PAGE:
Designing for people’s preferences while keeping the experience focused challenged us, but is becoming more of an industry standard with the launch of Material You. Relatedly, one of our approaches to toolbar customization was inspired by Google Chrome. We explored the idea of adding all items to the top menu.
We asked ourselves if putting all options into one place is considered good or bad information architecture and found the answer in existing research. Hiding interface elements reduces their usage as they are less discoverable. We did not want actions related to the article to be less used, as our audience finds them helpful, so we continued with having shortcuts in the bottom toolbar.
How the-egg-laying wool-milk-pig came to life
Prototyping the first version
We landed on letting people customize their shortcuts in the bottom toolbar, and developed several prototypes to test which approach best achieved our goal.
We learned that people had difficulties discovering the “Customize toolbar” feature within the “Theme” shortcut, trouble discovering where items that were moved out of the toolbar and into the overflow menu were placed and issues dragging and dropping items, a gesture we incorrectly assumed would be intuitive. This implored us to have a closer look and ensure our drag and drop movements met Web Accessibility Guidelines(WCAG).
To address the discoverability issues we added onboarding tooltips, even with this addition, users were struggling to find the feature and effectively scrolled past it making it disappear. You can read our analysis for full details.
Testing, discarding, and iterating
We now faced a real example from the inclusive product development playbook of having to choose equity over speed. After sharing the results with our communities and collaborating with other Wikimedia Foundation teams like the design team, we created two iterations of the original design:
The goal was to determine which of the two versions participants preferred, why they preferred it, if there were differences amongst language preferences and if the participant would use the feature. Both variants featured:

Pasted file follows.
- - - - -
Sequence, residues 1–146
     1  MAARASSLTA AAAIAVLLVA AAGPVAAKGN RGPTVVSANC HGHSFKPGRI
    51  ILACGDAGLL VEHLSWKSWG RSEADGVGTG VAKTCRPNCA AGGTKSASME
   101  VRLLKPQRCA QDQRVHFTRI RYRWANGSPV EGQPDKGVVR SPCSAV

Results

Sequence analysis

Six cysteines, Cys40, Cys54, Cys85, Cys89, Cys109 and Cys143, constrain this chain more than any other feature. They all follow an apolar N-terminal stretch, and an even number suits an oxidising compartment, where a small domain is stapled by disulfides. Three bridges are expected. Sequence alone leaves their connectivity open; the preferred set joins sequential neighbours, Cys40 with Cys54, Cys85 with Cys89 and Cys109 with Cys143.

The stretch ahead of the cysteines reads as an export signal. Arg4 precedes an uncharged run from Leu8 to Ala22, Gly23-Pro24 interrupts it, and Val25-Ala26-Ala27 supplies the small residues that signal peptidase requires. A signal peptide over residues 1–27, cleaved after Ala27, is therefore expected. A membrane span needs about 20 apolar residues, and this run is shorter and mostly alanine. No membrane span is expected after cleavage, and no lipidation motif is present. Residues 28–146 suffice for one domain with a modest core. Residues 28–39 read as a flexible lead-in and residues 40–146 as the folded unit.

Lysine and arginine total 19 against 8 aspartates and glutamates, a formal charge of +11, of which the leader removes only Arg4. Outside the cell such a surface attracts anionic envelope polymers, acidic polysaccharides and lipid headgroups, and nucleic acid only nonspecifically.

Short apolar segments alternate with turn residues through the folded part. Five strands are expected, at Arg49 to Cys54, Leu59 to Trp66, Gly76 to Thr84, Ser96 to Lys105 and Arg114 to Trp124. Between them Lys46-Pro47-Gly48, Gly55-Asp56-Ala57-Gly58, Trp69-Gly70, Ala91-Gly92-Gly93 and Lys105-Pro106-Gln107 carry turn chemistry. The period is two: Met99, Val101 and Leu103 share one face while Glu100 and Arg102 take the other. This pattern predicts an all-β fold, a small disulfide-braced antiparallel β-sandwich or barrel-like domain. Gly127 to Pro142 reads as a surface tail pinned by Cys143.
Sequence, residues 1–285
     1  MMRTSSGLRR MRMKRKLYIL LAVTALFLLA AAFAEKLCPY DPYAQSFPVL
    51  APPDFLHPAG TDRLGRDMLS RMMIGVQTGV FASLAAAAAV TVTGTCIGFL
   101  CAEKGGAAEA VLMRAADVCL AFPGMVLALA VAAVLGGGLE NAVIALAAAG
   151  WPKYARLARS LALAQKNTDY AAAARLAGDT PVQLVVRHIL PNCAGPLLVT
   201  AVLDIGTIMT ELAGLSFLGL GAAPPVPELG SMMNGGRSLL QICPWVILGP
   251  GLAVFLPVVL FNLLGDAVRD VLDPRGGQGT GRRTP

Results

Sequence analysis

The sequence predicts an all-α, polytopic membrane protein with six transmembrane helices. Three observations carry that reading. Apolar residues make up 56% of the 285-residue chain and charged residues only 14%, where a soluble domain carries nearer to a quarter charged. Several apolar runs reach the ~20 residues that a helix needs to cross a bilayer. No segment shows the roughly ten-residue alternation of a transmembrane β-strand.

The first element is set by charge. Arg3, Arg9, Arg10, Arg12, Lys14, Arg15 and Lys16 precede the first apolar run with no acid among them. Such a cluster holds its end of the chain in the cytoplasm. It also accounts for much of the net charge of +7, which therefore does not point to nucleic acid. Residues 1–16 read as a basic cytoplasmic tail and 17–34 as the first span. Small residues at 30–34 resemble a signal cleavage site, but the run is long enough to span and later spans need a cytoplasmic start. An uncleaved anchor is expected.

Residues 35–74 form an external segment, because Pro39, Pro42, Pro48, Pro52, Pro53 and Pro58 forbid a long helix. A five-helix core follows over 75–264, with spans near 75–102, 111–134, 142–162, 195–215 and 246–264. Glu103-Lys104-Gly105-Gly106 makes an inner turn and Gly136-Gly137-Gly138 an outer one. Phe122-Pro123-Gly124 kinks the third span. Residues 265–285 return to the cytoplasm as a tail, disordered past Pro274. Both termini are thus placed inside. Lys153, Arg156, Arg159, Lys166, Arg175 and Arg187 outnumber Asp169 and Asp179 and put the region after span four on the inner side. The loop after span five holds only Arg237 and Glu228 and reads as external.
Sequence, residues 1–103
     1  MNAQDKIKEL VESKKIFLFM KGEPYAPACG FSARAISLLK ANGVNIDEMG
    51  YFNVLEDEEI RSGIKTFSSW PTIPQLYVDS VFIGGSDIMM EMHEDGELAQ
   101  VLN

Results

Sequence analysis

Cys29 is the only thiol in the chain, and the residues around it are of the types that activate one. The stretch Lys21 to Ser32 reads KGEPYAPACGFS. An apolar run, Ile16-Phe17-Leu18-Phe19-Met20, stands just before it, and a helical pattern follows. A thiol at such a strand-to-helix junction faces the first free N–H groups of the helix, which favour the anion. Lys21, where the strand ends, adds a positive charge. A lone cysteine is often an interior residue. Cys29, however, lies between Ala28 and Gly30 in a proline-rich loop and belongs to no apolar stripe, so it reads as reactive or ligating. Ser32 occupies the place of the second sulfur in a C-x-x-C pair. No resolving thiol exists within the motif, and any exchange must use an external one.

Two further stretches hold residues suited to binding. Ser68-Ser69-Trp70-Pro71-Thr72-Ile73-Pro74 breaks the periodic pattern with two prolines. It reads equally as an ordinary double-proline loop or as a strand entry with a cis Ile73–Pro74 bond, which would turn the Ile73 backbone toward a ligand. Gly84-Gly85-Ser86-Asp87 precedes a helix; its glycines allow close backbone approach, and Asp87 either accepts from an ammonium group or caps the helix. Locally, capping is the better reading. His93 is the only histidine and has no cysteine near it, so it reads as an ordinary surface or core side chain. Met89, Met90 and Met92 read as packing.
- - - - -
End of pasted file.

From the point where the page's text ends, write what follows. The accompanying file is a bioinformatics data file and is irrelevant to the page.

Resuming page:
A persistent tooltip that only disappears when pressing the newly added ‘GOT IT’ button.
In partnership with UX copywriter Jacqui Clydesdale, we created default helper tooltips to explain the drag and drop function.
Simplified language (e.g., ‘shortcuts’ instead of ‘links’), to ensure terminology was accessible .
After doing one more round of usability tests, we gathered feedback on the two variants from ten Arabic, Hindi, Japanese, Indonesian, and French-speaking participants. The results were almost evenly split, so we could not take a majority wins approach. It was evident that both variants were drastic improvements when it came to discoverability and usability. With no clear winner between the two variants we took into consideration Google material design guidance, and considered which change would be less jarring for our existing audiences. This led us to move forward with variant B. The reactions to the updates in variant B were:
“It’s awesome, it was easy to understand and find.”
“The design is very good, I haven’t seen this anywhere else.”
“I’d use the feature 2-3 times and think it’d improve the experience.”
“It’s a very good feature for people who use Wikipedia daily.”
“There’s one more shortcut in the bottom toolbar, a lot of people have a habit of clicking the top menu to look for things.”